Such variation the authors assert could not exist if

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Unformatted text preview: 1984). Such variation, the authors assert, could not exist if constraints alone were driving decisions. Hence, Dean and Sharfman (1996) conclude that it appears likely that viable outcomes are a product of the decision process used. Leading on from this, the second assumption is that choices relate to outcomes, and that all outcomes are not equally good. Once again there can be very little doubt that external forces also influence decision effectiveness (Hitt and Tyler, 1991; Pfeffer and Salancik, 1978). Changes in competitor strategies or customer tastes can turn strategic coups into disasters or vice versa. However, Dean and Sharfman (1996) note that it is unlikely that the influence of such forces eliminates the impact of choice on decision effectiveness as it is hard to imagine a decision in which all potential choices will be equally successful or unsuccessful. 31 The two assumptions then appear plausible (Dean and Sharfman, 1996) which suggests that it is reasonable to expect the investment appraisal decision-making process to influence decision effectiveness. However, as Aldrich rightly observed (1979), the importance of managerial decisions in determining organisational outcomes is ultimately an empirical question (Dean and Sharfman, 1996). Many empirical studies have investigated the existence of a relationship between the investment decision-making process and effectiveness. None have concentrated on the use of decision analysis in the investment decision-making processes of organisations. However, several have explored the effects of comprehensiveness, rationality, formality and consensus in the decision-making process on organisational performance. In much of the decision theory literature, it is argued that decision analysis provides: “…convincing rationale for choice, improves communication and permits direct and separate comparisons of different people’s conceptions of the structure of the problem, and of the assessment of decomposed elements within their structures, thereby raising consciousness about the root of any conflict.” (Humphreys, 1980 in Goodwin and Wright, 1991 p177) Goodwin and Wright (1991) also argue that adopting a decision analysis approach implies comprehensiveness/rationality and formalisation of the decision-making process, improved communication amongst the stakeholders and provides the organisation with access to a common language for discussing the elements of a decision problem. This, they argue, helps to build consensus in the company, which in turn expedites implementation of the decision. Keeney and Raiffa (1972 pp10-11) say of decision analysis: “As a process, it is intended to force hard thinking about the problem area: generation of alternatives, anticipation of future contingencies, examination of dynamic secondary effects, and so forth. Furthermore, a good analysis should illuminate controversy – to find out where basic differences exist, in values and uncertainties, to facilitate compromise, to increase the level of debate and undercut rhetoric – in short, “to...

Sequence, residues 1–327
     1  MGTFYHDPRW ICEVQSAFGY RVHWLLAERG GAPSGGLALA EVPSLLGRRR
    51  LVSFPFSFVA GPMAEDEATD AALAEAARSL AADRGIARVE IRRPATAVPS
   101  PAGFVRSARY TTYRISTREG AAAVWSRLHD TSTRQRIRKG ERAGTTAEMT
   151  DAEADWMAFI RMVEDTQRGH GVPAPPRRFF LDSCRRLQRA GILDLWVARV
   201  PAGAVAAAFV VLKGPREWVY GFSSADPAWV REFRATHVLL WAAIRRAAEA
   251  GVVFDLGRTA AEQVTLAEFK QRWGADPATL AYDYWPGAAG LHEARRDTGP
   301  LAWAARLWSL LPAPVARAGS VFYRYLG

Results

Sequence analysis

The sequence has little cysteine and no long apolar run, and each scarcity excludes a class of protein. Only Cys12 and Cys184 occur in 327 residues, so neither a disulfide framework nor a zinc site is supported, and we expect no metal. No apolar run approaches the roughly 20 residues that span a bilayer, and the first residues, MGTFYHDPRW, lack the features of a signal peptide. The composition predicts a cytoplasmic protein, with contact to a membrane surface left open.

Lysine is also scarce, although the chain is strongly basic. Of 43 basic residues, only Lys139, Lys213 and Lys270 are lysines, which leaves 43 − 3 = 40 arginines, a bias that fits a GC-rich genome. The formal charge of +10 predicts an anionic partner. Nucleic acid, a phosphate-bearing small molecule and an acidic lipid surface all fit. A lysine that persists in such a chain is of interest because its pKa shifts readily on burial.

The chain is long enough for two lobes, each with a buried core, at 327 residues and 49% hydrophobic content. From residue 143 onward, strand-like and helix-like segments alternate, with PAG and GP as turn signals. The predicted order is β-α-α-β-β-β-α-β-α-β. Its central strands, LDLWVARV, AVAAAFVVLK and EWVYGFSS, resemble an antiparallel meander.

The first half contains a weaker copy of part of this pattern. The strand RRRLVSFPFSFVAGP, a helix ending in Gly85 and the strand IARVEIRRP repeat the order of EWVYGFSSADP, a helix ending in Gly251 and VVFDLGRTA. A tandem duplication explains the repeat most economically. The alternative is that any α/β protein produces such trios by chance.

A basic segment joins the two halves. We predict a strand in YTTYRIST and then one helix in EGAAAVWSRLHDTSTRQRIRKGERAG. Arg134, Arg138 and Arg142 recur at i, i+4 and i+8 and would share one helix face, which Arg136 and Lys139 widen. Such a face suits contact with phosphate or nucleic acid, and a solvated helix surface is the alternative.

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This document was uploaded on 03/30/2014.

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